Title

EFFECT OF FREE PARKING ON COMMUTER MODE CHOICE: EVIDENCE FROM TRAVEL DIARY DATA

Authors

D B. Hess

Document Type

Journal Article

Publication Date

2001

Subject Area

infrastructure - vehicle, ridership - mode choice, ridership - commuting, ridership - demand, policy - parking, mode - mass transit, mode - carpool

Keywords

Work trips, Vehicle miles of travel, Travel time, Travel diaries, Transit, SOVs, Single occupant vehicles, Public transit, Probability, Portland (Oregon), Parking payment systems, Parking fees, Parking demand, Multinomials, Mode choice, Modal choice, Mass transit, Logits, Logit models, Local transit, Journey to work, Journey time, Free parking, Costs, Commuters, Choice of transportation, Carpools

Abstract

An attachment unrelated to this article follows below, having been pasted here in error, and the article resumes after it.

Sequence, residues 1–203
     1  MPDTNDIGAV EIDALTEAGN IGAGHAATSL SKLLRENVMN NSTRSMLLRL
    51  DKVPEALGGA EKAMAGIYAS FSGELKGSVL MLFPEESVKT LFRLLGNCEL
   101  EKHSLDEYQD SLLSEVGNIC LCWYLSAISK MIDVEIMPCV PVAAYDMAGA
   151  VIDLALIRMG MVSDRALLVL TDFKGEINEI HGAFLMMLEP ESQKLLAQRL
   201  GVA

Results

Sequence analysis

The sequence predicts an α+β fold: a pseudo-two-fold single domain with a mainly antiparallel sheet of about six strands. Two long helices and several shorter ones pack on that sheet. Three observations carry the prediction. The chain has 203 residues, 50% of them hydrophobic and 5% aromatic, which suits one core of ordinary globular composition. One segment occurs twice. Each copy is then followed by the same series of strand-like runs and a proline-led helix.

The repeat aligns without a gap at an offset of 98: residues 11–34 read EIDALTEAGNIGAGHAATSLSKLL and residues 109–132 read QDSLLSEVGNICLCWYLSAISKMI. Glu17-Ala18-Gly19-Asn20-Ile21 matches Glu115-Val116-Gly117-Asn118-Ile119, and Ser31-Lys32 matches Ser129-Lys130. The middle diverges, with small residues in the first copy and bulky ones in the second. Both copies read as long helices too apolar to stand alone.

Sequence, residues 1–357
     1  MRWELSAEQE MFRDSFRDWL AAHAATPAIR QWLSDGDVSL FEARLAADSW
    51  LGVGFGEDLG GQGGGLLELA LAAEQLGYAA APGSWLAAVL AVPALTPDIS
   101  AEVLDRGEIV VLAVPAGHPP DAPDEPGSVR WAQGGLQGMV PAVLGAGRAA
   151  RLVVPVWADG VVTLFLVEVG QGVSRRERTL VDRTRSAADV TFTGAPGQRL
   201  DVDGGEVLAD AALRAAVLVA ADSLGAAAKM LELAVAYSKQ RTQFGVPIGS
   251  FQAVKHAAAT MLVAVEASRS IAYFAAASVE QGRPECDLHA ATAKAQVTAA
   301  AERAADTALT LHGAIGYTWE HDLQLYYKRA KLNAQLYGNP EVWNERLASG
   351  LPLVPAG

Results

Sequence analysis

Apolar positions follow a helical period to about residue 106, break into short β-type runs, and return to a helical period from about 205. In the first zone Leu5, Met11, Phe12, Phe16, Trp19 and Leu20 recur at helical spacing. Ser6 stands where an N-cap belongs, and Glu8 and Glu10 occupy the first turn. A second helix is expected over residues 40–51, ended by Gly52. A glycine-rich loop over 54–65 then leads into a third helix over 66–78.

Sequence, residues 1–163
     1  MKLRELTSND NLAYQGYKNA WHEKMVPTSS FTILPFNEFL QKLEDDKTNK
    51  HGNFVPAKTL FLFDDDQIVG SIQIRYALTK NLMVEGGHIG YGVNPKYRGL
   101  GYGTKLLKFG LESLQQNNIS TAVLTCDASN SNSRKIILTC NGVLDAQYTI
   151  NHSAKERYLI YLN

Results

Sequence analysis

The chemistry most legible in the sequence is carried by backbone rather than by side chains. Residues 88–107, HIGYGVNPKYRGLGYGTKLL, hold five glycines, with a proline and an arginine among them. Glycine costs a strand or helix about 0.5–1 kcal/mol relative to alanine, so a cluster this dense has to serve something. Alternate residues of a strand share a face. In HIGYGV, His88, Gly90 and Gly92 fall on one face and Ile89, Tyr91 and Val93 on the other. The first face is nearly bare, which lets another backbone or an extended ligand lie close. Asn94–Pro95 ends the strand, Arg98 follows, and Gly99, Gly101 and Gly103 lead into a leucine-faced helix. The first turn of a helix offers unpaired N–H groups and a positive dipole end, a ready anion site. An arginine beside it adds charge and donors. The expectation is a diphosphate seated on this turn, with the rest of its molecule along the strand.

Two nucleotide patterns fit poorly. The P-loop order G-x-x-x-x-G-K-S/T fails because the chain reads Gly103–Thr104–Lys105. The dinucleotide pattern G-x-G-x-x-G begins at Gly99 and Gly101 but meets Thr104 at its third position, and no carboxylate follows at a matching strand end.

This study assesses the effect of free parking on mode choice and parking demand. A multinomial logit model is developed to evaluate the probabilities that commuters who do and do not receive free parking at work will choose to drive alone, ride in a carpool, or use transit for the trip to work in the central business district (CBD) of Portland, Oregon. The mode choice model predicts that with free parking, 62% of commuters will drive alone, 16% will commute in carpools, and 22% will ride transit; with a daily parking charge of $6, 46% will drive alone, 4% will ride in carpools, and 50% will ride transit. The mode choice model predicts that a daily parking charge of $6 in the Portland CBD would result in 21 fewer cars driven for every 100 commuters. This translates to a daily reduction of 147 vehicle miles traveled (VMT) per 100 commuters and an annual reduction of 39,000 VMT per 100 commuters. These findings are consistent with previous studies on how parking cost affects mode choice. The policy variables that help influence mode choice decisions for commuters are the parking cost and the travel time by transit. The results suggest that raising the cost of parking at work sites and decreasing the transit travel time (by improving service and decreasing headways) will reduce the drive alone mode share. The results provide little support for the contention that land use is a significant factor in mode choice decisions.